The human rights violators' playbook: responding to an Amnesty report

When Amnesty International released a report documenting the mass hanging of thousands of prisoners in Syria’s Saydnaya Prison, the Syrian government was put on the back foot. President Bashar al-Assad himself responded, calling our report “childish” and “fake news”. He even laughed as he said he didn’t know what went on in Saydnaya as he was “in the Presidential Palace”.

The Syrian government is not the first to have its cage rattled by our research.

To coincide with the launch of our 2016/17 Annual Report, let’s look at five tactics for responding to an Amnesty International (AI) report, tried and tested in the past year by human rights violators from around the world:

1 Question our impartiality

Hungarian Government Spokesperson Zoltán Kovács responded to an AI opinion piece about the plight of the Roma in Hungary by accusing us of bias against the government’s immigration policy:

“As a strident critic of this government’s firm stance against illegal immigration, Amnesty International is not interested in a balanced discussion.”

“Amnesty’s principled and impartial approach to human rights research has spoken for itself and continues to be a key agent of change when it comes to protecting the powerless…”

In response to Amnesty’s report documenting the use of chemical weapons in Darfur by the Sudanese government, Sudan’s ambassador to the UK Mohamed Eltom said:

“We don’t think [AI] is a credible organisation”, and accused us of having fabricated other stories about Sudan. Eltom accused us of having an “agenda” – but was unable to explain what it was. Sudan’s envoy to the UN also said that the report was “concocted mainly by a reckless adventurous staffer”.

2 Deny – no need to say why

Some of the authorities implicated in our reports opt for flat-out denial. Asked if treatment of refugees forcibly sent to the remote Pacific island of Nauru amounted to torture, Prime Minister Malcolm Turnbull replied:

“Well, I reject that claim totally, it is … absolutely false…That allegation, that accusation, is rejected by the government.” He did not elaborate.

In September 2016 we delivered a petition to the government of the Dominican Republic, urging them to end the statelessness crisis facing thousands of people of Haitian descent in the country. President Danilo Medina’s response to journalists was: “I don’t know, I don’t know, I don’t know what their basis to say that are. They lack information.”

Accusing Amnesty of lying is a good way of slamming the door on the conversation. See the Myanmar Foreign Ministry’s response to a report on Myanmar’s appalling treatment of its Muslim Rohingya minority:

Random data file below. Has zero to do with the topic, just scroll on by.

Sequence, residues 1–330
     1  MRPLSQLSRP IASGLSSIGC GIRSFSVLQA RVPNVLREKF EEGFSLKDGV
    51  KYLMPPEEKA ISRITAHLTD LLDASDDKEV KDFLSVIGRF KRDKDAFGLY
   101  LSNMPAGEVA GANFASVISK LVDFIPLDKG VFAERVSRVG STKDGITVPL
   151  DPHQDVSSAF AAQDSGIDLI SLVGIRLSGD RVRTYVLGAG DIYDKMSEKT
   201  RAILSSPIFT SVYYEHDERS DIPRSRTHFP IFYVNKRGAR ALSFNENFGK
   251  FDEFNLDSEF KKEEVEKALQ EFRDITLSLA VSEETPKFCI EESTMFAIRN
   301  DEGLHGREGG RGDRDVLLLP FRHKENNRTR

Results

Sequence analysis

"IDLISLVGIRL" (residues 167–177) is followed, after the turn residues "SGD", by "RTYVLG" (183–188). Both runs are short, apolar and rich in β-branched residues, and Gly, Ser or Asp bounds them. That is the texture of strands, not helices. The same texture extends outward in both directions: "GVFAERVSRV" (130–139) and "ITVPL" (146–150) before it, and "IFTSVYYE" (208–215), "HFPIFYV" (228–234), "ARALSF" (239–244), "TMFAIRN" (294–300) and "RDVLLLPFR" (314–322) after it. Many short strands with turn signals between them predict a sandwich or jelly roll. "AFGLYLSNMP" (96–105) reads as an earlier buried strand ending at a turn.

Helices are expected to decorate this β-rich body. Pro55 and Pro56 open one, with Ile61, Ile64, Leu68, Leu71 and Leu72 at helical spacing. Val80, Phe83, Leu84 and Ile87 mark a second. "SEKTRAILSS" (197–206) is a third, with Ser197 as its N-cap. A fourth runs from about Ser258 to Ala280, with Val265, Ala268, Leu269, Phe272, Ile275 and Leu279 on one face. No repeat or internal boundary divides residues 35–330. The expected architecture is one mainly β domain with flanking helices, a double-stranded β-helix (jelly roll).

“It is most sad and unfortunate that […] Amnesty International has also based their report on unsubstantiated allegations, made up photos and made up captions”.

3 Whataboutery

One of the oldest tricks in the book. President Assad’s first response to questions about Saydnaya was to deflect attention elsewhere. When the US interviewer suggested that human rights violations might hamper chances for cooperating between the US and Syria, Assad tried to shift the focus to the relationship between the USA and Saudi Arabia: “I will ask you, how could you have this close, very close relation and team relation with Saudi Arabia?”

Assad’s sleight of hand was quickly called out by the interviewer, who pointed out that human rights violations by Saudi Arabia were not the question at hand.

4 Just attack Amnesty

Going a step further than accusing Amnesty International of bias, the Nigerian military chose to respond to our reports that it had shot unarmed Biafran independence protesters with elaborate insults:

“For umpteenth times, the Nigerian Army has informed the public about the heinous intent of this Non-Governmental Organisation which is never relenting in dabbling into our national security in manners that obliterate objectivity, fairness and simple logic.”

“Accusing Amnesty of lying is a good way of slamming the door on the conversation”

Russian Ministry of Foreign Affairs Spokesperson Maria Zackarova responded to our recent Saydnaya report with wild conjecture about Amnesty’s aims, accusing us of “purposeful provocation, which aims to add fuel to the fire of the subsiding intra-Syrian conflict… and make the Syrians hate each other more.”

Meanwhile Philippines President Rodrigo Duterte called Amnesty International “so naive and so stupid” when we highlighted thousands of extrajudicial killings that have taken place under his administration.

5 Shut us down

If all else fails, outright censorship could do the trick.

In September 2016, Thai officials threatened to arrest Amnesty staff who were preparing to launch a report highlighting the routine use of torture and other ill-treatment by state authorities.

A press conference to mark the launch was canceled after Ministry of Labor officials said the business visas Amnesty staff had did not accord them public speaking privileges, and threatened to charge them should they speak. The attempt to silence us was unsuccessful, only serving to demonstrate the Thai authorities’ contempt for freedom of expression.

For every government who slams our reports with denials, conjecture and conspiracy theories, there are millions of people around the world who speak out in our defense. For more than five decades, Amnesty’s principled and impartial approach to human rights research has spoken for itself and continues to be a key agent of change when it comes to protecting the powerless against some of the worst abuses on the planet.

By Anna Neistat, Amnesty International’s Senior Director for Research.

Read our annual report